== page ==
(Translated from German)

Ladies and Gentlemen,

World peace cannot be preserved without creative efforts commensurate with the magnitude of the threat.”

What might the speaker have been referring to? Coronavirus? No, these words* dating back to 9 May, 1950 were spoken by French Foreign Minister Robert Schuman in his historic speech that paved the way for the creation of the European Communities, and eventually the European Union.

He went on, “Europe will not be made all at once, or according to a single plan. It will be built through concrete achievements which first create a de facto solidarity.

Europe does not begin or end in Brussels or Strasbourg. We are all Europe. If now, 75 years after the end of the war, we allow Europe to descend into ‘national orientation’ due to coronavirus while looking away as people cheer on the populists who attack humanitarian efforts on behalf of migrants, we will have no right to turn around and say ‘that was none of my doing’.

With this coronavirus pandemic, we are witnessing not only a special kind of federalism in Germany emerging but also a reappearance of ‘national orientation’. Clearly, Covid-19 poses a very serious threat to each and every one of us and also, as a result of the lockdown measures that have had to be brought in, a serious threat to the prosperity to which we have grown so accustomed.

Yet at the same time, the fact we have seen national borders closing once again is hugely damaging to the idea of Europe. Of course, we may yet see the current crisis also give rise to cross-border solidarity in Europe: crises always bring opportunities as well as challenges.

When astronauts look down on the Earth from space, not only do they speak of the incomparable beauty of our planet; they often remark upon the fact that they can see no borders (except between North and South Korea). How wonderful must that be to behold, or not to behold! This awful virus pays no heed to borders either. It seems absurd to me that if I were to go to my workplace in Paris right now and return from Germany, I would have to go into quarantine for two weeks. Spare a thought, also, for those living on the edges of European states (I prefer the word “edges” to “borders”). For them, since the Schengen Agreement, the border has been little more than a line on a map, and suddenly borders are in place once again.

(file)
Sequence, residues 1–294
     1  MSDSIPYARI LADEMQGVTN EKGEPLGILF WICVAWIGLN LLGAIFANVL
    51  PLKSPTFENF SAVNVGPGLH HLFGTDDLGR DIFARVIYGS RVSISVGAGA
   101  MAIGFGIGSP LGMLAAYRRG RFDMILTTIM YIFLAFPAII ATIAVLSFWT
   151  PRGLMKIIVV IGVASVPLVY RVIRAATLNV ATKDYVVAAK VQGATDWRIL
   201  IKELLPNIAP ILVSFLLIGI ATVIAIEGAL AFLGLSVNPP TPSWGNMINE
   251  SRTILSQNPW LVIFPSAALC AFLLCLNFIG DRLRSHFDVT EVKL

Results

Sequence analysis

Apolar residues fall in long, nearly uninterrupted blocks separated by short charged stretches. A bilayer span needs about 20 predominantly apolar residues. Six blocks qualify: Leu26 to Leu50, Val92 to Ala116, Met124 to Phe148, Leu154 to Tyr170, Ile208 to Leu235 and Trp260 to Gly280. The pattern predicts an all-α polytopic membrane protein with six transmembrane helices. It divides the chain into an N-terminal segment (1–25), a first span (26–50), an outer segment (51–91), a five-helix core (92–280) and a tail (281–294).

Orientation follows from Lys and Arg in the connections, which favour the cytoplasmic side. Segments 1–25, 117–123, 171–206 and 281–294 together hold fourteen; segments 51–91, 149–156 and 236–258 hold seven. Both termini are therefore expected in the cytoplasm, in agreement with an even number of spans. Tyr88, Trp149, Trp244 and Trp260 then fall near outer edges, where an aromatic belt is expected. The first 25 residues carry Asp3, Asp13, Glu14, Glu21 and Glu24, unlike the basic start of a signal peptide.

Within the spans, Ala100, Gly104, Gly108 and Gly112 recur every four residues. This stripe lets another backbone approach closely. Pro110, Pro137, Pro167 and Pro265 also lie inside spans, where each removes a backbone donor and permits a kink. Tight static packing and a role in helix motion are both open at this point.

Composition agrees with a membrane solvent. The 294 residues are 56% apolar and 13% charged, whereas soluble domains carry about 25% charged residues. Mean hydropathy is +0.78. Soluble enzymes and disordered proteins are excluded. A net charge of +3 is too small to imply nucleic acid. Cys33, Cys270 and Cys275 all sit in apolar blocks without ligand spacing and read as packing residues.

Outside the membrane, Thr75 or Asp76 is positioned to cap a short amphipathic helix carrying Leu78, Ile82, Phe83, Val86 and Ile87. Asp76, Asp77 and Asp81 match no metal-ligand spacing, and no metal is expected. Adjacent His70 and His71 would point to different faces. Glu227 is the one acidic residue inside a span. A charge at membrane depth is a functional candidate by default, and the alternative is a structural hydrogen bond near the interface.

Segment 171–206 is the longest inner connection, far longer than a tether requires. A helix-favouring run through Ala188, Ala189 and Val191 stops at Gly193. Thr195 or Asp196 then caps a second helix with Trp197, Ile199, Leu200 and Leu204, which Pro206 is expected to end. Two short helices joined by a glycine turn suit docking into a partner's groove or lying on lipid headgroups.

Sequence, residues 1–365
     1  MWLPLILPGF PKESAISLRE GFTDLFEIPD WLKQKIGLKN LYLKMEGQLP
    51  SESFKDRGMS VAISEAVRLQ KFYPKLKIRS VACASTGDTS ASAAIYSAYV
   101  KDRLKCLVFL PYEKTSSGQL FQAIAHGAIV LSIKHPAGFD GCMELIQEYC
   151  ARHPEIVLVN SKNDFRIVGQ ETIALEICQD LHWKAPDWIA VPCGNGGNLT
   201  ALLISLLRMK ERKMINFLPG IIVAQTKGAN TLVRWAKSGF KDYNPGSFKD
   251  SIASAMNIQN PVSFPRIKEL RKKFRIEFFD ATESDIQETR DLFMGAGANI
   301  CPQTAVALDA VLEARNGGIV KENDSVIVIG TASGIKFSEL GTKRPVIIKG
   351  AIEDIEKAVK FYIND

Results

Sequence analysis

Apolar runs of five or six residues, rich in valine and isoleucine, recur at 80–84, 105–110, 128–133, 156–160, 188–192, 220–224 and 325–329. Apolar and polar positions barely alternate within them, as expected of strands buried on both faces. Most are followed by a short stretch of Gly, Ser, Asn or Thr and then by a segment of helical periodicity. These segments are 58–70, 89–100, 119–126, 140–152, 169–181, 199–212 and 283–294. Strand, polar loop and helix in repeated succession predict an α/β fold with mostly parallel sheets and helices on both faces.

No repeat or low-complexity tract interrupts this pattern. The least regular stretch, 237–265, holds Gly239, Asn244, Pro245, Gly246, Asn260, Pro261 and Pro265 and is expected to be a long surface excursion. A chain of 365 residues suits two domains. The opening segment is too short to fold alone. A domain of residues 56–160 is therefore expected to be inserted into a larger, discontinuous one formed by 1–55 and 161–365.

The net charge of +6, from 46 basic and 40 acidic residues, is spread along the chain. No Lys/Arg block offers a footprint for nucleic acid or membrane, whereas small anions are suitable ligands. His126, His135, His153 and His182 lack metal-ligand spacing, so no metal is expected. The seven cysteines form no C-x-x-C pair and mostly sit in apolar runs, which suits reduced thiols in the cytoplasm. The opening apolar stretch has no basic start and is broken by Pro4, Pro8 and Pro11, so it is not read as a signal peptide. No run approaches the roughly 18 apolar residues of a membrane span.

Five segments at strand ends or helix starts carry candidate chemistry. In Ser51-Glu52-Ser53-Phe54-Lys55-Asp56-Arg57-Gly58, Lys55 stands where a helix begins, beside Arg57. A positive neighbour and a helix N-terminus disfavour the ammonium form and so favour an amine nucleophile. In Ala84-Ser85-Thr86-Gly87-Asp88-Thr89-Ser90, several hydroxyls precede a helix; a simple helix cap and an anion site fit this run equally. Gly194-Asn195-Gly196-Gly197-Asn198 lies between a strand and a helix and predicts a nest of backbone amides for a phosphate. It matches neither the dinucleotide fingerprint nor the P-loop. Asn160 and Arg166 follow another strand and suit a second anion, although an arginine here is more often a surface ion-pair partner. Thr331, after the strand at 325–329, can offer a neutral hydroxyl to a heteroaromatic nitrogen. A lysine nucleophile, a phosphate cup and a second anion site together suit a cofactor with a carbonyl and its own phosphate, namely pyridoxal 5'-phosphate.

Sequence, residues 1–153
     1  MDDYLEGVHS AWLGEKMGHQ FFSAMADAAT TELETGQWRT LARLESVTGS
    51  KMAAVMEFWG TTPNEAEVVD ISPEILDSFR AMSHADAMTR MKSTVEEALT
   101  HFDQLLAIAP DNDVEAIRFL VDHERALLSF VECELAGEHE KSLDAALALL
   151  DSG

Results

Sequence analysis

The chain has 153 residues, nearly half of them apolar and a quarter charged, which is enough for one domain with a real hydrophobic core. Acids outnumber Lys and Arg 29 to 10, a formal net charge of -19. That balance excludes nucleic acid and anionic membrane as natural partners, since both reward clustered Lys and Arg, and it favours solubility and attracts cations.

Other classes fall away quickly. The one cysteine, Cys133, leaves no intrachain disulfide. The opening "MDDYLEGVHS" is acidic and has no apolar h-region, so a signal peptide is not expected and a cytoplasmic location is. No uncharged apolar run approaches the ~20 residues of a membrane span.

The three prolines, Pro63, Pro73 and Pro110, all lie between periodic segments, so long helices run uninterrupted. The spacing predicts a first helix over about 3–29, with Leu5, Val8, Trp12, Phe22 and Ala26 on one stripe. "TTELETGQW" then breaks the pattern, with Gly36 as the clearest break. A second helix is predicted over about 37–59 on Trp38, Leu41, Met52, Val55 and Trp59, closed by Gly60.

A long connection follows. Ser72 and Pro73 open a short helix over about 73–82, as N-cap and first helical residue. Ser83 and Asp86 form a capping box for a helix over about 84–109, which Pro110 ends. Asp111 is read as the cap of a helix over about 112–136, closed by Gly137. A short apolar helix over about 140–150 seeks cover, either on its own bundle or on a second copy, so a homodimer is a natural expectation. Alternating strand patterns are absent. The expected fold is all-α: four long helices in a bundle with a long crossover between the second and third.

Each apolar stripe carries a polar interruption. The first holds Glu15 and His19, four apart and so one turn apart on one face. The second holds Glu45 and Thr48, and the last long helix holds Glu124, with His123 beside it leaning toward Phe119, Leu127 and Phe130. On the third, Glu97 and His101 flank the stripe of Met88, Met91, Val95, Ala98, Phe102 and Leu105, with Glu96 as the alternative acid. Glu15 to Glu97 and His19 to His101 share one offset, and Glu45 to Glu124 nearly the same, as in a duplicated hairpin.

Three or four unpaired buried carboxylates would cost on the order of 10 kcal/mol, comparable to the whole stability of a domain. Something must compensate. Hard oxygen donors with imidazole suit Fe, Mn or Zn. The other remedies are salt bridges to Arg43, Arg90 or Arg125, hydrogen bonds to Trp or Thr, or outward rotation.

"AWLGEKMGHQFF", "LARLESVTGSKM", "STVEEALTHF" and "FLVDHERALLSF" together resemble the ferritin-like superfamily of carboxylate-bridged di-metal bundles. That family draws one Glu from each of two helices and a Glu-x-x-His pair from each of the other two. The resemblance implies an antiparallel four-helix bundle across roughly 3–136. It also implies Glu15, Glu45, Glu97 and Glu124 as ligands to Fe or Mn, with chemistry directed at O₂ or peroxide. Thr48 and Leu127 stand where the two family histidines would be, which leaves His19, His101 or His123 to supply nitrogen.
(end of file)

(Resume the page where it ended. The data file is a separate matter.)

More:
In a letter, Luxembourg’s Foreign Minister, Jean Asselborn, quite rightly calls for borders to be reopened. Then, speaking in a radio interview, Asselborn had this to say: “Germans, French and Luxembourgers have all grown up together here on the borders. They are used to seeing bridges, not borders, so when all of a sudden they see breezeblock barriers installed on the bridges, they just can’t understand it. These barriers have to go and soon.

The same security measures have been put in place on both sides of the border. “Resentment is growing and when that happens, we start to see and hear things we hoped we would never have to witness again: anti-German and anti-European statements. This is bad for Germany, bad for Europe and bad for Luxembourg,” Asselborn added. “Customs officers are not exactly going to stop a virus by doing border checks.

I am a convinced European, and my conviction goes far beyond institutional constructions and organisations.

I stand by this simple logic: competition is a driver, but cooperation is an enabler.

In this sense, I hope that WE will not only demand, but work actively towards ONE Europe without borders.

Despite all the current anxieties over coronavirus, the German language offers Future II: “Es wird gewesen sein…”. In other words, one day, eventually, like Europe’s dismantled borders, it too will be consigned to the past.


* The speech that has become known as ‘The Schuman Declaration’ was delivered in French (the above words attributed to him are therefore a translation).